We’ll start to see stable coins really bridging that gap to mass adoption.

We’ll see a class of Venmo style payment applications and other kinds of creative new financial products that leverage stable coins to counteract the perceived volatility problems that Bitcoin and other cryptocurrencies have. It’s not necessarily the original vision of crypto, but it is a great gateway to getting people comfortable with digital assets, and the tools are the same.

So it will also have a very positive effect on the increased adoption of Bitcoin and other networks.

4. Finding a Middle Ground

We are reaching a bit of a hybridization point where projects are finding success in the middle ground, where they’re not so much the Libertarian dream of total decentralization, and they’re also not the highly centralized systems that run the world today. And that’s ok, because neither of those extremes serve businesses or users very well.

But we are seeing an emergence of a hybrid with things like delegated proof-of-stake and Hashgraph which has a known set of validators and is more decentralized than a centralized system, but not as decentralized as a proof-of-work network like Bitcoin.

There are clear tradeoffs in these networks, but they have a good chance of success in reaching businesses who need to be able to scale, who need to have a dependable framework to work on and they’re decentralized enough for those needs.

So, I think EOS, HashGraph, or even Stellar can start to serve that need.

There’s no clear winner here yet. And until there is a clear winner, it’s unlikely that you’ll see large organizations move serious money into the space. They’ll dabble.

What Will it Take?

Something in this industry needs to drive the demand. You can have all the supply in the world, but if you don’t have the demand, it’s not going to get us anywhere.

I’m bearish on the short-term outlook for enterprise adoption of blockchain technology. For all of its potential (and there is incredible potential), most large companies would rather play innovation theater than invest serious capital in reinventing their businesses. Real change in the enterprise is a long game.

The exciting stuff that’s going on right now is the innovation and competition that’s happening on the public networks and on dapps.

People are trying a little bit of everything. And nobody has any idea what’s going to work. And that’s great because we’ll find the answer much faster that way than waiting around for a Fortune 500 company to figure it out.

We’re much more likely to discover use cases that we didn’t even think about because of the permissionless nature of public blockchain systems and permissionless development.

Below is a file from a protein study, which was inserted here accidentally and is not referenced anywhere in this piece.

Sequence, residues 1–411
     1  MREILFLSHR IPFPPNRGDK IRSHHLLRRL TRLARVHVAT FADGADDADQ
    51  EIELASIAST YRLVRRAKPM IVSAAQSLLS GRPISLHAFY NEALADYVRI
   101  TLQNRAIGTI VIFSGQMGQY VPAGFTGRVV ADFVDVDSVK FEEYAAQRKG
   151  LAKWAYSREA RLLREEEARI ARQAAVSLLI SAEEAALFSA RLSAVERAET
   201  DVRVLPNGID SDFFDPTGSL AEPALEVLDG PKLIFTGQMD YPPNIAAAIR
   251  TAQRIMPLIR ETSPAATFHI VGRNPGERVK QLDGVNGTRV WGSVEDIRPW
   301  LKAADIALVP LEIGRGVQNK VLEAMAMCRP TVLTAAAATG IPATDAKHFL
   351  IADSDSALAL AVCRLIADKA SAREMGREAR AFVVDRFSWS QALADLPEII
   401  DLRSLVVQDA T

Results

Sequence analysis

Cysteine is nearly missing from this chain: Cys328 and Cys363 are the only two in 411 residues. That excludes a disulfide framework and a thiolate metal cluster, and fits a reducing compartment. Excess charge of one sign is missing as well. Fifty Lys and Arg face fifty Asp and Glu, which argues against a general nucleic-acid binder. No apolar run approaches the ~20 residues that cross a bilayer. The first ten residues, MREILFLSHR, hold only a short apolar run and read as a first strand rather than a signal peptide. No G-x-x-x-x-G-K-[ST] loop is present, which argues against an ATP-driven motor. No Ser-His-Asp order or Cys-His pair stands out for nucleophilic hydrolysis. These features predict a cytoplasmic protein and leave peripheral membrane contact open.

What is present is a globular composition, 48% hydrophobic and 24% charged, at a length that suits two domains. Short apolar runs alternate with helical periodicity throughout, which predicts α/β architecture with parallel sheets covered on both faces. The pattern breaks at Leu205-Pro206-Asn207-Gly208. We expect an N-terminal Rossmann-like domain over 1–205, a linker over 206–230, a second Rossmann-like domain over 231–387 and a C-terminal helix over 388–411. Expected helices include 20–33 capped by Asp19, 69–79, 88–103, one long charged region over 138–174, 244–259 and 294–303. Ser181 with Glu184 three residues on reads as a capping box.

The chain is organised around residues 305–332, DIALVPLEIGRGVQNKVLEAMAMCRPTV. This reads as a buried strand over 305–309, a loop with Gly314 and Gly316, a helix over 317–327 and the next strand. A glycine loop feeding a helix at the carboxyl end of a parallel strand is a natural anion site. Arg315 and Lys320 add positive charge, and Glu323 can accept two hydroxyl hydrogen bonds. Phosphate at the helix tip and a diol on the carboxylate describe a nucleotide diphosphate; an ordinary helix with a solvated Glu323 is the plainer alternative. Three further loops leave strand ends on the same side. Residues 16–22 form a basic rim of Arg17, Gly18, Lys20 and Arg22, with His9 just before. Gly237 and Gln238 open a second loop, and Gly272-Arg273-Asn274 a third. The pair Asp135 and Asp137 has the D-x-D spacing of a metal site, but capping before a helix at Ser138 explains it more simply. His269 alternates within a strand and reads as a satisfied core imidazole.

Crypto gives us an open platform where anybody, anywhere around the world can write a program that will potentially change the world.

That is the ultimate dream of crypto.

Have an opinionated take on 2018? CoinDesk is seeking submissions for our 2018 in Review. Email news [at] to learn how to get involved. 

Ray of light via Shutterstock

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Bitfinex Opens Trading of USD-Pegged Tether Against USD

Cryptocurrency exchange Bitfinex has announced it will support trading of USD denominated stablecoin Tether (USDT) against fiat USD from Friday.

Bitfinex Hedging A Hedge

The curious decision, which the exchange revealed in a blog post just hours before the pair went live, appears to be the first of its kind in the cryptocurrency industry.

Each unit of USDT is notionally backed by 1 USD, and the stablecoin is designed to be used as a cryptographic hedge against volatile assets without the need to convert into fiat.

The exchange rate of USDT 00, in reality, tends to fluctuate slightly around $1. For example, this year saw Tether price drop to as low as $0.85 during a period of high volatility.

Bitfinex’s tacit admission that USDT is insufficient as a stable alternative to USD is made all the more unusual by the fact that the platform and Tether share the same CEO.

“Today, adding margin trading on USDT/USD pair will not only allow for more efficient price discovery, but in an important move for risk management, unlock the ability to hedge the exposure taken on stablecoins,” officials wrote in the blog post.

Along with a dedicated lending market, USDT will be available as collateral for margin positions.

Tether-Bitfinex Media Rumors

The move comes days after an investigation by Bloomberg allegedly put to rest rumors that Tether did not hold full USD reserves for its token supply.

Such rumors had abounded during 2018 since both Tether and Bitfinex received subpoenas from US regulators late last year and had grown to include accusations the latter was insolvent.

Last month, Tether succeeded in switching banking partners to Bahamas-based Deltec, capping separate scrutiny of the financial buoyancy of its original banking partner Noble Bank.

A wealth of both USD and other stablecoins has come to market in recent months, with exchanges adding multiple assets in a bid to provide users with options against rapidly declining major crypto tokens.

What do you think about Bitfinex launching trading of Tether against USD? Let us know in the comments below!

Images courtesy of Shutterstock

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2019 Will Be a Big Year for Stablecoins

Philippe Bekhazi is the CEO of XBTO Group, a cryptocurrency trading firm.

The current wave of stablecoin issuances is a result of the current bear market in underlying crypto assets, leading to upwards of 50 stablecoins on offer today.